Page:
ECE4893A: Electronics for Music Synthesis (Spring 2010)

ECE4893A: Electronics for Music Synthesis (Spring 2010)

ECE4893A: Electronics for Music Synthesis (Spring 2010)

Chris Garyet testing his voltage-controlled wah circuit
Office: Centergy 5212 (but I’m almost never there)
Phone: 404-385-2548 (but I almost never answer it)
E-mail:
lanterma@ece.gatech.edu (by far
the best way to reach me; please include “EMS” somewhere in the subject of class-related
e-mail so I can find it quickly)
Course website:
users.ece.gatech.edu/~lanterma/ems10
Prerequisites: ECE3040 and ECE3041 (with concurrency allowed,
i.e. you can
be taking ECE3041 this semester and be OK). Basically, I need some
familiarity with op amps, diodes, and transistors, and I need to make sure that
you have had some experience using a scope by
the time you will to use one in EMS. (Oscilloscopes are
introduced pretty early in ECE3041, which is
what makes the “concurrency” part OK)
Website for previous offering:
EMS (Spring 2008)
will help give you a feel for what the class is like

The photo: Chris Garyet testing his voltage-contolled “wah” circuit
(from Spring 2006)

 

(Note: I often abbreviate the class title as “EMS.” This usage of “EMS”
should not be confused with
“EMS” as in Electronic Music
Studios
, the makers of many classic synthesizers such as the Synthis.)

Grading:
Grades will be based on a series of written homeworks and possibly a few
simple
lab assignments, an in-class quiz given about 2/3 of the way through the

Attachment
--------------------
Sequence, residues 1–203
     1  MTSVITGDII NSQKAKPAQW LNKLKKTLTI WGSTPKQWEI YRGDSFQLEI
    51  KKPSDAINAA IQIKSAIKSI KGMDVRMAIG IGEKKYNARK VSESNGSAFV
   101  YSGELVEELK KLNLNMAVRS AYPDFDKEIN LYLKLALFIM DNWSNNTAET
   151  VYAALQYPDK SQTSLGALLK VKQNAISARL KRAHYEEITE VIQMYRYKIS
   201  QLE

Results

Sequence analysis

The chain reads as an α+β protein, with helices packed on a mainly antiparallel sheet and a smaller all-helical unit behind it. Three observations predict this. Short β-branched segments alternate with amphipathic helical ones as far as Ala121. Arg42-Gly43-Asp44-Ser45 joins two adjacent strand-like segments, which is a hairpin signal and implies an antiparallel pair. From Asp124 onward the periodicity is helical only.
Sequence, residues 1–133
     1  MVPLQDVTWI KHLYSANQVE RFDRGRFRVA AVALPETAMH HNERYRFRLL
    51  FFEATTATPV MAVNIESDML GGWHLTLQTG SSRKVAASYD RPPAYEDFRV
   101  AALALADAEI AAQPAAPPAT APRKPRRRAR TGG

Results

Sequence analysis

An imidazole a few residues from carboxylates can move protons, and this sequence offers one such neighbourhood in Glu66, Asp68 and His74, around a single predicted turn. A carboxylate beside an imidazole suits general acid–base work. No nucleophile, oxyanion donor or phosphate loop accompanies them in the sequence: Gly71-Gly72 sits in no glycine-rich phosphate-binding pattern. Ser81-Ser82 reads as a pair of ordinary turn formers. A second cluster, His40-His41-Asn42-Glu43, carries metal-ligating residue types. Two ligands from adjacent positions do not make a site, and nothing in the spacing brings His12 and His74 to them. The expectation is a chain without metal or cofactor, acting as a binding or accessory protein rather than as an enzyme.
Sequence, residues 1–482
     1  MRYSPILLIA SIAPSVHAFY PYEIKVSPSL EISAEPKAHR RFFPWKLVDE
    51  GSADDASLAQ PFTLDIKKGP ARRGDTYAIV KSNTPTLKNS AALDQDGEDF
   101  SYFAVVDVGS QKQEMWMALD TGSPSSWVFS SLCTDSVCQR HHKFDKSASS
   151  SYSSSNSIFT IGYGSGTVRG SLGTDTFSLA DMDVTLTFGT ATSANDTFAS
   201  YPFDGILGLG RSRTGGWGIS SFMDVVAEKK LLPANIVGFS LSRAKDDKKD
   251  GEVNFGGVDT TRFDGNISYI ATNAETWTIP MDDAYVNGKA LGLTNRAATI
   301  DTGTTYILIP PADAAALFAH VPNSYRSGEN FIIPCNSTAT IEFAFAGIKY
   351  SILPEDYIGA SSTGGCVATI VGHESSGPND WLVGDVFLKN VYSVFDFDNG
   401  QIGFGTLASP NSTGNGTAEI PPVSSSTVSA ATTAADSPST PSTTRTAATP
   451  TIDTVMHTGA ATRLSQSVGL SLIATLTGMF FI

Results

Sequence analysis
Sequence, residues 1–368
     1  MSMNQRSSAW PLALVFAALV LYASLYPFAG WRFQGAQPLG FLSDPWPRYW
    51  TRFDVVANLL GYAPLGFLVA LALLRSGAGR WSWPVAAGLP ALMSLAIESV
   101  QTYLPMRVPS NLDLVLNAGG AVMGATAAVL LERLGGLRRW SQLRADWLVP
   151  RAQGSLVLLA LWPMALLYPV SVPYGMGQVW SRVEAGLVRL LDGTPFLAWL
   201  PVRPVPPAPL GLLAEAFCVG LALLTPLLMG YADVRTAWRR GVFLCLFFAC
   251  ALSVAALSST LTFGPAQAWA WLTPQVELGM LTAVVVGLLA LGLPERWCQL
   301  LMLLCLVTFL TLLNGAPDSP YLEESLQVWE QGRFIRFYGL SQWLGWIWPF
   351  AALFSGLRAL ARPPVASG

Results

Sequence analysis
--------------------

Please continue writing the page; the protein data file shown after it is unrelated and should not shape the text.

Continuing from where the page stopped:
semester that
will be weighted the same as a homework, and the quality of a final project in
which you will design and build a module for a modular synthesizer.
I consider the project to be the most important thing in the class;
hence, your course grade will max out at whatever your project grade is,
e.g., if you do B work on the homeworks, etc., but turn in an A project,
you might get an A for the class, or you might get a B;
but if you do A work on everything else but turn in B level project,
your grade won’t be an A.

Aaron’s SDIY Pages

Homeworks

Lectures

Dear readers from outside the class:
If you find these
lectures useful, please consider making a small donation (maybe $25 or
thereabouts, although any amount is appreciated)
to the Georgia Tech Foundation earmarked to go towards
my synthesizer research; the funds will go towards parts and equipment
for student projects.
Here
are instructions on how to donate.

Since this is a lecture/lab class, I will only lecture for 2/3 of the class
periods, and that lecturing will be “front loaded,” i.e. I will lecture for
the first 2/3 of the class, and the last 1/3 of the class you will be just
working on your final projects, with me dropping by the lab to help out as
much as I can.

If you look at the lectures from the
Spring 2008 version
of
the course, you will get a pretty good idea of what we will cover in the
future.

References

We will draw material from numerous sources: book, articles, patents,
and particularly schematics and descriptions posted on websites. Think of
google as the main class text. Here’s some
good ones: